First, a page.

The ‘England and Wales’ criminal justice system is failing our communities and does not work for Wales.
We need change – and full power and responsibility over criminal justice to create a fairer system to the benefit of all our communities.
Recent research from the Wales Governance Centre showed that Wales has the highest incarceration rate in Western Europe.
Women are more likely to receive an immediate custodial sentence than men. Imprisonment rates among BAME communities are more disproportionate relative to the population in Wales than in England and Black, Asian and minority ethnic people have the highest average sentence length – therefore if you are a person of colour in Wales, you are both more likely to be imprisoned and receive a longer sentence. White people however, are underrepresented.
Looking at rates of imprisonment across Wales, we also know that Wales’s most deprived communities have higher rates of incarceration. There is a clear link between poverty and crime, and the treatment of working-class offenders by the courts.
Inequality is built into the heart of our justice system – whether that’s racial, gender, class or geographic inequality, and this is no accident.
A privatised probation service and lack of confidence from the courts in community based responses, coupled with austerity-driven cuts to legal aid and not being able to access justice has resulted in more people in Wales being sentenced directly to prison – with a clear link between the privatisation of the probation service, the pursuit of profit and poor performance in supervision and monitoring.
While community based solutions have been gutted by successive governments they have handed over more and more of the justice system into private hands, with prisons being run for profit by private companies, such as G4S, who have been linked to serious human rights abuses.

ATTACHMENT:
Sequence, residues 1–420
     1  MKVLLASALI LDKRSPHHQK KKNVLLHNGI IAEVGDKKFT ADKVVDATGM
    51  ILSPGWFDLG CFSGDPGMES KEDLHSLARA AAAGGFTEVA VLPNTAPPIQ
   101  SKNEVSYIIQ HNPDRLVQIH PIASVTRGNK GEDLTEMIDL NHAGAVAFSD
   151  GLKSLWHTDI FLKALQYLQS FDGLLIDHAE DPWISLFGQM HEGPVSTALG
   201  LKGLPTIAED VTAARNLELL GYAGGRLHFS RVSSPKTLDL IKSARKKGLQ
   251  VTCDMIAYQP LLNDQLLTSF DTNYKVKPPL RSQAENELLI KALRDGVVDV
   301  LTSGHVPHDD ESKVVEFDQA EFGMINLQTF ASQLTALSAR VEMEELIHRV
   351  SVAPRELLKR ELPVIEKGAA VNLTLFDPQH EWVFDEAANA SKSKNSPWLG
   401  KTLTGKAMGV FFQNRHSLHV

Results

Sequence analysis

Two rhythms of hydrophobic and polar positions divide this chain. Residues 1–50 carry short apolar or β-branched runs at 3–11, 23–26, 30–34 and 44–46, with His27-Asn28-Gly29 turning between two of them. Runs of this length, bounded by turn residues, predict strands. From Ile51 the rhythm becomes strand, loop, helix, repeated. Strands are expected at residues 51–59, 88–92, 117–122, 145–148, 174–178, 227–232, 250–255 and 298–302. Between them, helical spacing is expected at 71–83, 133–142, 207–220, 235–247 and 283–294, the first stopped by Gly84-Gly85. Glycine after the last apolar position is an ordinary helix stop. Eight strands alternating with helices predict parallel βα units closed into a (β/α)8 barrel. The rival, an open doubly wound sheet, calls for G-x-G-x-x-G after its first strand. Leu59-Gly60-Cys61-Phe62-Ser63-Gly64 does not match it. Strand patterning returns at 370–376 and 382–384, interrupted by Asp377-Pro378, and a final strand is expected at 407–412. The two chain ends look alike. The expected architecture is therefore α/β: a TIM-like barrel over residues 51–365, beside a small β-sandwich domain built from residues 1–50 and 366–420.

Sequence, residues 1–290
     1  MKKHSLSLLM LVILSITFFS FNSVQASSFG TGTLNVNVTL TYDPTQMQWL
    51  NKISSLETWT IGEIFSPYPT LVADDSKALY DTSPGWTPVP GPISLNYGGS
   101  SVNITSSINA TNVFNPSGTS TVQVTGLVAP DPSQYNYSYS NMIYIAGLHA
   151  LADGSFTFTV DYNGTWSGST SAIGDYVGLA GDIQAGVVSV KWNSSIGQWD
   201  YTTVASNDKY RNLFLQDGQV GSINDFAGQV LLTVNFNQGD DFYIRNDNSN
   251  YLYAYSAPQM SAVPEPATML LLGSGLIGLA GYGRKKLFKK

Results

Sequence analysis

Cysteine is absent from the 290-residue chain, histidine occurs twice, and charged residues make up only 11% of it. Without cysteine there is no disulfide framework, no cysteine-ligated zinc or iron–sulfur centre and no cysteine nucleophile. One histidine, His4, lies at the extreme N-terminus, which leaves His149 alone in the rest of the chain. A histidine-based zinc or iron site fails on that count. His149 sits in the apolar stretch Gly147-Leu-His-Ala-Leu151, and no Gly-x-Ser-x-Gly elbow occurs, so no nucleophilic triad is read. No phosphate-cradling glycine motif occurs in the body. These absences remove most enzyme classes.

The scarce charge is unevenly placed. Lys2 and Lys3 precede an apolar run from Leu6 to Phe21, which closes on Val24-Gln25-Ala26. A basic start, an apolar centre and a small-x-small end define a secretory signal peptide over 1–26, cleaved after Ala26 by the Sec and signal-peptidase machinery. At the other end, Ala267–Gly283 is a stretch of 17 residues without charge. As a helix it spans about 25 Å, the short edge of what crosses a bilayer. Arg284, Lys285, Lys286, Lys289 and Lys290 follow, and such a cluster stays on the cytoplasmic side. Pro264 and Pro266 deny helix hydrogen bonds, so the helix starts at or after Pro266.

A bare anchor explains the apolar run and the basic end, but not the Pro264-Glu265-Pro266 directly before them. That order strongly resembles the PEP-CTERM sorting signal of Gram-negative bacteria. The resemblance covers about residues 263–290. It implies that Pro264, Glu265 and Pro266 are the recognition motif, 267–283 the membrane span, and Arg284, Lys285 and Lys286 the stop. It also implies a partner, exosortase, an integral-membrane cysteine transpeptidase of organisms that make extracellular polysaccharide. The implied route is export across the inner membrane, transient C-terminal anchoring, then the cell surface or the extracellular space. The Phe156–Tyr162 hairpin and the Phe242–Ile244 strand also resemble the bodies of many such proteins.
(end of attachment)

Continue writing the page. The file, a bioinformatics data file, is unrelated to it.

Previous research conducted by the Centre has also shown widespread safety and wellbeing issues in Wales’s prisons, including increasing rates of substance misuse, self-harm, violence and suicide.
In 2017 there were 2,132 self-harm incidents in prisons in Wales. This figure equates to five separate incidents of self-harm taking place in Welsh prisons every day. On average, a prisoner in Wales takes their own life every four months.
Our prisons are overcrowded, unsafe and unfit to meet the needs of a modern justice system.
The truth is that prison doesn’t work. Not if our aim is to create a just, fair and safe society.
In many years of having worked as a probation officer, and working on issues around justice in the Senedd, I believe that we have seen a shift in public opinion.
People can see that our current system doesn’t work.
Many people will have had experience themselves of prison, or the effect that it has on their families. Many will have seen others get criminal records for non-violent drug offences that harm their future prospects. Many will see that people in their community are disproportionately impacted by harsher sentencing and the vicious cycle of reoffending associated with it.
People know that our communities won’t be safer because we lock non-violent offenders up in unsafe, overcrowded, outdated prisons. People know that gutting the probation service and selling it off has not helped people get their lives back on track and people know that building more super prisons and putting more profit in private hands from our justice system does not give us a sound basis for a fairer society or economy.